• morendo: dying; i.e., dying away in dynamics, and perhaps also in tempo
  • mosso: moved, moving; used with a preceding più or meno (see in this list), for faster or slower respectively
  • moto: motion; usually seen as con moto, meaning with motion or quickly
  • munter (German): lively
  • muta [in...]: Change: either a change of instrument, e.g. flute to piccolo, horn in F to horn in Bb; or a change of tuning, e.g. guitar muta 6 in D. Note: does not mean "mute", for which con sordina or con sordino is used.[1] Muta comes from the Italian verb mutare (to change into something).
  • mässig (German): moderately (also: mäßig)
  • MIDI: an acronym for Musical Instrument Digital Interface, an industry-standard way for electronic devices to communicate information. MIDI connections can be used to connect synthesizers, electronic drum machines, sequencers, and so on.
  • Moog synthesizer: an early brand of analog synthesizer which was introduced in the late 1960s; newly-released Moog synthesizers are still produced in the 2000s.

N


  • narrante: narratingly
  • N.C.: no chord, written in the chord row of music notation to show there is no chord being played, and no implied harmony
  • Nebenstimme (Ger): secondary part; i.e., a secondary contrapuntal part, always occurring simultaneously with, and subsidiary to, the Hauptstimme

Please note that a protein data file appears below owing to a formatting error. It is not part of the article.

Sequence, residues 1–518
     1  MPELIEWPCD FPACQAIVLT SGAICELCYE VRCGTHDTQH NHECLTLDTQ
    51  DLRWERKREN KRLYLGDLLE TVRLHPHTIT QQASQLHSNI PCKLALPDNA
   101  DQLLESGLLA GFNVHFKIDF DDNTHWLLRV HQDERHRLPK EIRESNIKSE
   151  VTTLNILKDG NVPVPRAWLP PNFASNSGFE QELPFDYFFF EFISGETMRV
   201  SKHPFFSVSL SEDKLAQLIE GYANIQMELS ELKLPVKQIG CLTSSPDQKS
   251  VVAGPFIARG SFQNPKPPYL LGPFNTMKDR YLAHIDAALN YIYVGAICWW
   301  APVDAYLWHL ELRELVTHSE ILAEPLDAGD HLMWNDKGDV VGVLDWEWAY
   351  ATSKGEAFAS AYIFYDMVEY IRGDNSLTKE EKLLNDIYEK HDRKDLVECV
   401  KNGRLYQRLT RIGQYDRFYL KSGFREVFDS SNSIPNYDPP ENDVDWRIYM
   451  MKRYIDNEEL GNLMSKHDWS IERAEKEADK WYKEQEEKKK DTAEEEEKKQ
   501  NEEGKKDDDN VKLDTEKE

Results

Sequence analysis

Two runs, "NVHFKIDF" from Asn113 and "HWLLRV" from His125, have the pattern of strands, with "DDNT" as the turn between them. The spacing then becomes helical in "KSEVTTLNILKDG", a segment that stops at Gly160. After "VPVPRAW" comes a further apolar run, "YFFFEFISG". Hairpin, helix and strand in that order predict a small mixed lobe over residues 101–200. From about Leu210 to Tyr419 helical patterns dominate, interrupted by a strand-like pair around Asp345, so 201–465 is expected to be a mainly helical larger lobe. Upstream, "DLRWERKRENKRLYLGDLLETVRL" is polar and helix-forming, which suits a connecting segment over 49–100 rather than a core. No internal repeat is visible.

• natural: a symbol (♮) that cancels the effect of a sharp or a flat (see in this list)
  • natural: a symbol (♮) that cancels the effect of a sharp or a flat (see in this list)
  • naturale or nat.: natural; i.e., discontinue a special effect, such as col legno, sul tasto, sul ponticello, or playing in harmonics
  • neck: on a guitar (e.g., acoustic guitar, electric guitar, electric bass), violin-family instrument (e.g., violin, upright bass) or other stringed instrument, the neck is the long, thin piece of wood which extends from the soundbox or body of the instrument and upon which the strings are put under tension between the bridge (on a guitar family instrument) or the tailpiece (on a violin-family instrument) and the headstock (for guitars) or the tuning pegs (violin) or machine heads (upright bass). The neck on acoustic and electric guitars and most electric basses has metal frets which divide the neck into semitones. Violin family instruments and fretless electric basses do not have frets.